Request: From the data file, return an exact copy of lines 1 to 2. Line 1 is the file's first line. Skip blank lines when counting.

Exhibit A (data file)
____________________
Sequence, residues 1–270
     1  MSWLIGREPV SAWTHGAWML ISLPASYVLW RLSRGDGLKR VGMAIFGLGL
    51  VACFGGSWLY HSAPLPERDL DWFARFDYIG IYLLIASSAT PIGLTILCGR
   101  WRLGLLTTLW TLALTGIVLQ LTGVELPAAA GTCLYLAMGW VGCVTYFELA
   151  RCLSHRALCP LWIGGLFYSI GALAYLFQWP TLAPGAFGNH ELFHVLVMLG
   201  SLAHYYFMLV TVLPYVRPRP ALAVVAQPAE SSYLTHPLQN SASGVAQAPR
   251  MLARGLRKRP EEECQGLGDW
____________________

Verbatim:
Sequence, residues 1–270
     1  MSWLIGREPV SAWTHGAWML ISLPASYVLW RLSRGDGLKR VGMAIFGLGL